• How the people who murdered them have probably landed there or will, or won’t get that far. And how they had been somebody’s students too. And how I have students who have murdered people.
  • The time when J tried to stop a fight in my room, got mixed up with a cop, assaulted by said cop, and then taken off to jail for a case that he could never win if he tried.
  • How I used to look at the daily mug shot reports in the online versions of the local paper, but I had to stop because seeing my kids’ photos every day became less grounding and sobering and more depressing and angering.
  • My first week at Hillside when a fight between 2 girls that I had broken up on my own ended with a 15-year-old screaming and bawling and handcuffed through a face-full of pepper spray.

Jail wasn’t particularly hard on me. But it felt particularly hard to be in a place that eats up the lives of millions of Black, Brown, and/or poor people, many of whom I know and love. My body felt heavy with the pain and alienation of living in a society that says that some people get to have stuff, but most people don’t. Some people get to live good lives, but most people won’t. And some folks, who never had a shot from the beginning, will be warehoused for their whole lives because the people who run our society can’t imagine any function for most of us rather than the generation of profit for them. If you’re not doing that, they have to hold you somewhere and dehumanize you and contain you so that you won’t revolt.

So jail sucks. Or, rather, jails suck. How about, instead of building more of them, we just give our kids the food, shelter, clothes, nurses and doctors and counselors, fun, laughs, safety, knowledge, skills, love, and opportunities to wonder and wander and learn self-discipline that they deserve.

We have to win y’all. We just have to.

#educationnotincarceration #studentsdeservemore P.S. We don’t win on one day y’all, this is slow organizing and long-term strategy and work. Please support the work of the Organize 2020 Caucus of NCAE by checking out this link and a) getting on our listserv, b) joining the caucus, and/or c) contributing financial resources.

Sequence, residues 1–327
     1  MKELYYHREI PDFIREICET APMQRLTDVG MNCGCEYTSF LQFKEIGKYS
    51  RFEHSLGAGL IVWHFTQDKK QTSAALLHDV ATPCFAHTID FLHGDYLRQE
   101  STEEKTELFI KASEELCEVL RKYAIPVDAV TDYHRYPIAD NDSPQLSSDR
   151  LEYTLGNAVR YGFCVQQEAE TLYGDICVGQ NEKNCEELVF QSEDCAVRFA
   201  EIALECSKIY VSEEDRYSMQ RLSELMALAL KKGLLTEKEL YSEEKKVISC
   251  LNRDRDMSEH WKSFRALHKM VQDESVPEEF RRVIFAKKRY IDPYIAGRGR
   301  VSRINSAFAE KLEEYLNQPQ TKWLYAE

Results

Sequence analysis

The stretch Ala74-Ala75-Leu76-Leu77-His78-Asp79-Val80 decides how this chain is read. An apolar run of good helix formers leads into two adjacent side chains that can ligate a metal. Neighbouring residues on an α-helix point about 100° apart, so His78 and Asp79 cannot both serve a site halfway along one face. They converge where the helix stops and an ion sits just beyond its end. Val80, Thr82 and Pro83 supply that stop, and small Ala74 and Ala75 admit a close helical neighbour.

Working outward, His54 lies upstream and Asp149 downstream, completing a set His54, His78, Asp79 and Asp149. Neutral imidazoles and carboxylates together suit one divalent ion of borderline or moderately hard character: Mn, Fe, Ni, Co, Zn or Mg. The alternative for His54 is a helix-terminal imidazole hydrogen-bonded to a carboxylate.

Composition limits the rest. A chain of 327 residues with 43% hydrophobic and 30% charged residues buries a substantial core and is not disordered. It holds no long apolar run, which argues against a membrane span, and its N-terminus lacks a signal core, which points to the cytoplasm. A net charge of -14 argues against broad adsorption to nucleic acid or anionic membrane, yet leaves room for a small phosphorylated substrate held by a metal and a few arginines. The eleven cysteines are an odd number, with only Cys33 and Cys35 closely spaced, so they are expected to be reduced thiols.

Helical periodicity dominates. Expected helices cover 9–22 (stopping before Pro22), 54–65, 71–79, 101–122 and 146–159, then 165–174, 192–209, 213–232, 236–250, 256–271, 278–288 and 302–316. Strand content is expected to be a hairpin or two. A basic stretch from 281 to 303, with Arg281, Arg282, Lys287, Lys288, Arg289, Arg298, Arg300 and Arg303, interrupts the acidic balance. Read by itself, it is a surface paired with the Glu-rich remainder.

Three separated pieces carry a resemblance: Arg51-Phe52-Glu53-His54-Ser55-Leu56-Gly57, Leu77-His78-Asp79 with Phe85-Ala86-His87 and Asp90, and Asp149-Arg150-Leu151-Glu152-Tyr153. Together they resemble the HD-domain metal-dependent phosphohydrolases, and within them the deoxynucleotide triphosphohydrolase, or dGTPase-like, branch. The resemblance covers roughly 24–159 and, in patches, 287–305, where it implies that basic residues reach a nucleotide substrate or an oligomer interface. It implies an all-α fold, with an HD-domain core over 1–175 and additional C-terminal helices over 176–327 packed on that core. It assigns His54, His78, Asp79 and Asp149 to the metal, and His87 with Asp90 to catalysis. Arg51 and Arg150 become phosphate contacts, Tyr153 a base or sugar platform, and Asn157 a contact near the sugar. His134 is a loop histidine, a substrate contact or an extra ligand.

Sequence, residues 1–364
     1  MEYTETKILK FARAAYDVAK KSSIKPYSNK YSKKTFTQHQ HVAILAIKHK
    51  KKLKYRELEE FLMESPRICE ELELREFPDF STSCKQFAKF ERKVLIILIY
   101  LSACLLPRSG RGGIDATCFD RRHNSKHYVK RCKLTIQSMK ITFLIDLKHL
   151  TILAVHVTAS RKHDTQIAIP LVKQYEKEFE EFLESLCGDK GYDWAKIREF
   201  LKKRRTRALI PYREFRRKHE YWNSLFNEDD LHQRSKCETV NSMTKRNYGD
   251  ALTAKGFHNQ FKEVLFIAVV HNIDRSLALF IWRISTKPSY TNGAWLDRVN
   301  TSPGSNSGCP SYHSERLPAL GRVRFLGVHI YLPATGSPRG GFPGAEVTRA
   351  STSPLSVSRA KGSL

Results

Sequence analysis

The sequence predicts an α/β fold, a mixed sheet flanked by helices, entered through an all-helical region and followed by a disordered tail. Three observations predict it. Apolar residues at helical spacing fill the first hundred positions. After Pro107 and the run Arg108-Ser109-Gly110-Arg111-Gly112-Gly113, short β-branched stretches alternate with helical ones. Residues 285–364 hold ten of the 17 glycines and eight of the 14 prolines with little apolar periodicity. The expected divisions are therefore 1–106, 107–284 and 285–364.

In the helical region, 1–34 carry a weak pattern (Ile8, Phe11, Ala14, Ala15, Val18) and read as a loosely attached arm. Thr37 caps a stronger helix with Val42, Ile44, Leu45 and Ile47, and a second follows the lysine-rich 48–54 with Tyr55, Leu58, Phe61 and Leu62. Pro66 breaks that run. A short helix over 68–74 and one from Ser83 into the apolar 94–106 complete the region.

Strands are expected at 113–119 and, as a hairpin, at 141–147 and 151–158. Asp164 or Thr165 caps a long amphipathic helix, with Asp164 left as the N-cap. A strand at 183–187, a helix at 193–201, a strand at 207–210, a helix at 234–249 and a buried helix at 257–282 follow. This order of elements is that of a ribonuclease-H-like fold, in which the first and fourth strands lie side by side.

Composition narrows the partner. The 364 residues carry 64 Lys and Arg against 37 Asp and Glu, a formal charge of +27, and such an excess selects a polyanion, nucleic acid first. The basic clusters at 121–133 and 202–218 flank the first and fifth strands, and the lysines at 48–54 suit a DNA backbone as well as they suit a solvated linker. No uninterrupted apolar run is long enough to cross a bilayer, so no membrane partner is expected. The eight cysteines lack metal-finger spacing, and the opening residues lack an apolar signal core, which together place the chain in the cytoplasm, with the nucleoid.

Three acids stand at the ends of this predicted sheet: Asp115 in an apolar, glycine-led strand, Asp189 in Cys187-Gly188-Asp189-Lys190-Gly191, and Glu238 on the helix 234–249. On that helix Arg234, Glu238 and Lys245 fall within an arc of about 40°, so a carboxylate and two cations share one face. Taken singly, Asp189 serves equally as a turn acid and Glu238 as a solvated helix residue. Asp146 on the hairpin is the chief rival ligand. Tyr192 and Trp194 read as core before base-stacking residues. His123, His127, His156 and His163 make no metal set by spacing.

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9 Comments on "Bryan Proffitt’s Story"

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[…] Read Bryan’s story. […]

Matt Maginley
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1 year 4 months ago

Mr. Proffitt. Thanks for your courage to stand up for the kids. Your effort will not be in vain

Steve Simons
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Steve Simons
1 year 4 months ago

I’m a teacher in PA. Thank you for taking a stand for your students and public education. This fight is long from over but we must be vigilant.

Shirley Jackson
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Shirley Jackson
1 year 4 months ago

I taught briefly in Augusta GA back in the 90s. I warned the administrators that I had a gang member in my class who was headed for trouble-more than he was already in. I was ignored. He was 15. He died in a gun-drug fight the next year. Poor black kids are not only disregarded in NC.

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[…] Read Bryan’s story. […]

ariel loftus
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ariel loftus
1 year 4 months ago

teachers in the state of Kansas are with you.

Christy Hardin Wiley
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Christy Hardin Wiley
1 year 4 months ago

Thank you for your courage and inspiration. I teach in Oklahoma and I fear that what you and your fellow educators are facing
is in our very near future. I just pray that I am brave enough and that there are enough of us to make a difference.

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[…] Bryan Proffitt, a Durham high school social studies teacher, was also arrested. “The governor wants to make the conversation about teacher raises to hide that they’re making the teaching  profession unsustainable. He knows that if the argument is not about teachers’ pay but about our students’ lives, he doesn’t have a leg to stand on.” […]

MJJ
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MJJ
2 months 17 days ago

Bryan Proffitt was one of the main culprits behind the Duke lacrosse lynch mob in 2006. He is a rotten person with no moral credibility.